Whatever happened to the days of 1990s Yoshi music? Some of the tracks from the original Yoshi’s Island and Yoshi’s Story are some of the most daring and creative of first-party Nintendo music that decade. If I gave review scores, I’d dock points for how unfortunately lackluster Yoshi’s Crafted World’s music is.


I suggest that you listen to the banter between you and a friend while playing this game instead of the poor musical variety. Yoshi’s Crafted World is one of the better co-op platformers out there, due in part to the slower nature of Yoshi games. As with New Super Mario Bros., Donkey Kong Country and Kirby games before it, there are always going to be times in which you and your friend screw each other over, whether purposefully or accidentally. But to be honest, that’s part of the fun if you’re playing with someone who can take mistakes in stride and laugh with you.

Playing the majority of this game with my boyfriend was a delight. I felt like it made the experience a heck of a lot better than when I was playing levels by myself. Now, a game like Donkey Kong Country: Tropical Freeze, with an absorbing soundtrack and more exhilarating momentum, is better off experienced single-player first. But Yoshi games truly work with two people, and I’m glad co-op has become a staple of the series with the past two Yoshi games.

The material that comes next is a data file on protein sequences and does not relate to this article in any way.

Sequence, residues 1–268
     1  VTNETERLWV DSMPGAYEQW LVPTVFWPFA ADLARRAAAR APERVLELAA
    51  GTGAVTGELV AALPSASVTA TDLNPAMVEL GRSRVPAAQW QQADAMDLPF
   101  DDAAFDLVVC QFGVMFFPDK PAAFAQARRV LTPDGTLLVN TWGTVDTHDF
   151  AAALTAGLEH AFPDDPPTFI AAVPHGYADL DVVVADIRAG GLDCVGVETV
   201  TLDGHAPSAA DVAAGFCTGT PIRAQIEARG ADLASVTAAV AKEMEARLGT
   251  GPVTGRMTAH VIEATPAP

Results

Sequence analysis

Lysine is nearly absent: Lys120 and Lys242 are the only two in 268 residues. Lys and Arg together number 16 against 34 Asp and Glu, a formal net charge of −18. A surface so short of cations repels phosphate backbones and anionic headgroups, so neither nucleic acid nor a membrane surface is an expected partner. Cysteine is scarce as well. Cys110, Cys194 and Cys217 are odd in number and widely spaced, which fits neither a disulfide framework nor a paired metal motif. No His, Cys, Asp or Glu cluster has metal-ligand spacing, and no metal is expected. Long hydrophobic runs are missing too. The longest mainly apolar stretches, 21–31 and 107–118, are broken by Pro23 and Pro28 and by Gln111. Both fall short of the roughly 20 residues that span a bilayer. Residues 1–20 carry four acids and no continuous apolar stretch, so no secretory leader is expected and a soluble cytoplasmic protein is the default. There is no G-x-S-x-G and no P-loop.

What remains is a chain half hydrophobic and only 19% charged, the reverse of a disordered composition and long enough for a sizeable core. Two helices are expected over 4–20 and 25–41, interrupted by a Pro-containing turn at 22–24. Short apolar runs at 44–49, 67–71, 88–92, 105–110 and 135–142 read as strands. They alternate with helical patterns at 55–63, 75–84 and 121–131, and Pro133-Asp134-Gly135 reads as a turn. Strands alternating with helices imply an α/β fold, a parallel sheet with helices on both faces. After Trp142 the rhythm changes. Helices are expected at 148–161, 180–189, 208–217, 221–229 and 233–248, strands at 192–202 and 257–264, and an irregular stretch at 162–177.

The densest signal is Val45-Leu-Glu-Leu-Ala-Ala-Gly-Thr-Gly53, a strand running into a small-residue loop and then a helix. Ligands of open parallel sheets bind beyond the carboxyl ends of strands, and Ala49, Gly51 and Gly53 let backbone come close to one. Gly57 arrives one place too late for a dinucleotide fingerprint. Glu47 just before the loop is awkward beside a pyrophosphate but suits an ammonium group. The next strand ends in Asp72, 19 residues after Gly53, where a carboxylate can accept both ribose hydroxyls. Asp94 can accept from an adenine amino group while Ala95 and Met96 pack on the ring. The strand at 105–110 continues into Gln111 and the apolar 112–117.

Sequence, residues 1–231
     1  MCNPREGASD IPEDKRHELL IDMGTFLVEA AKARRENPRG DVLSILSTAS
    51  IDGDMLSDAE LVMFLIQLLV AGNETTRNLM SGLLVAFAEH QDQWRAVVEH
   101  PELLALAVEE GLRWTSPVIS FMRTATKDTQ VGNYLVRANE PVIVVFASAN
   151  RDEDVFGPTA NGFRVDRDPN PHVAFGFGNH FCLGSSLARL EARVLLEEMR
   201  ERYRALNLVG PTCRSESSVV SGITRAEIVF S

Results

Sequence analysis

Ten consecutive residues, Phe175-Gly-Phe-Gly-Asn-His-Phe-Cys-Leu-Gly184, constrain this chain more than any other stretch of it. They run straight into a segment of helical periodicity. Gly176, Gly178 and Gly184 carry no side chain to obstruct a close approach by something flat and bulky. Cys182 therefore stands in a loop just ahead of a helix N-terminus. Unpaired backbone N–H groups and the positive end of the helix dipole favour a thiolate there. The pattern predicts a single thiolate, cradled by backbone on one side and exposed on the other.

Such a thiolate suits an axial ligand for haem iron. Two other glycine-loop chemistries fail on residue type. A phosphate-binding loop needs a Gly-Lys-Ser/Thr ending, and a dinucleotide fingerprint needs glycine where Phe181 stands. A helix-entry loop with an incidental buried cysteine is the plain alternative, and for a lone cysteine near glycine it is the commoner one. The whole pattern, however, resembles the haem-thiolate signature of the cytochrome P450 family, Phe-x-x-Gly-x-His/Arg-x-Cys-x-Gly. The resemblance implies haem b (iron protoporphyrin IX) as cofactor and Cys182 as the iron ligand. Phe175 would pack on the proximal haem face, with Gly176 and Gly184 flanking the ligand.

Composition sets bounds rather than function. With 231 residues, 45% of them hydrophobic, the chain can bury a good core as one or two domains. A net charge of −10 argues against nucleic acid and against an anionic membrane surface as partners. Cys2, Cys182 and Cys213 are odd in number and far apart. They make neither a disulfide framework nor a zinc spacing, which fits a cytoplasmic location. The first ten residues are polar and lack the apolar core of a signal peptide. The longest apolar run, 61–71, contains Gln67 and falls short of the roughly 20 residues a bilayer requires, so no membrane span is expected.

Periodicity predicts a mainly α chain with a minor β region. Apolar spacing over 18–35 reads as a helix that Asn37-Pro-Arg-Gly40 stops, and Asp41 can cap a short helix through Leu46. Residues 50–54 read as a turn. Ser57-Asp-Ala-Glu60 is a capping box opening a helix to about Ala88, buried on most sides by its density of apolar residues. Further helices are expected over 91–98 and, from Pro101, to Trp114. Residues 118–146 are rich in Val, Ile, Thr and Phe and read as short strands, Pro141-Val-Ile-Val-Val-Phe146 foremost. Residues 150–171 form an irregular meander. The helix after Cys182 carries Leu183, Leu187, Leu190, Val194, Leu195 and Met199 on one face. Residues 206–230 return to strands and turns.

Overall, Yoshi’s Crafted World is a game worth picking up at full-price if you like 2D platformers. If that genre isn’t your thing, weigh how much you adore the art style and make a decision based off that. As I mentioned, the music isn’t part of the charm this time around. Part of me wants to say this is a contender for the best Yoshi game ever crafted, but a few flaws hold it back.

That brings me to my final recommendation: do not attempt to 100% this game unless you are really, REALLY obsessed with it. In order to obtain every smiley flower, one would have to play every level a minimum of five times and likely more. Replay value is one thing, but to make completion this tedious is a bit ridiculous. There’s simply too many collectibles, and starting to get them all really sucked the life out of the game for me. I suggest getting enough smiley flowers to play the post-game levels and then call it a game. Keep in mind that I am a completionist, but I just couldn’t find it in myself to care about doing everything in this platformer. Even playing the levels flipped around and backwards isn’t that great; let’s just say these levels are meant to be played from left to right and not the other way around. When the novelty wares off, you’ll want to go back to the best method of enjoying this game with a friend and drowning out the awful tunes with the addicting, satisfying nature of the gameplay and the top-notch visual style.

Eric Zavinski

I’ve been playing Nintendo games since I was 3 years old, and my earliest memory is watching my dad play Super Mario 64.
Since then, I’ve become as big of a fan as you might imagine: YouTube video projects, fan fiction, owning just about every amiibo — you name it!
I’m also a stalwart defender of underappreciated games like Skyward Sword, Other M, Super Paper Mario, Star Fox Adventures, Star Fox Zero and more. I love to see passion in a gaming product, and my desire on this site is to share a similar passion in what I write.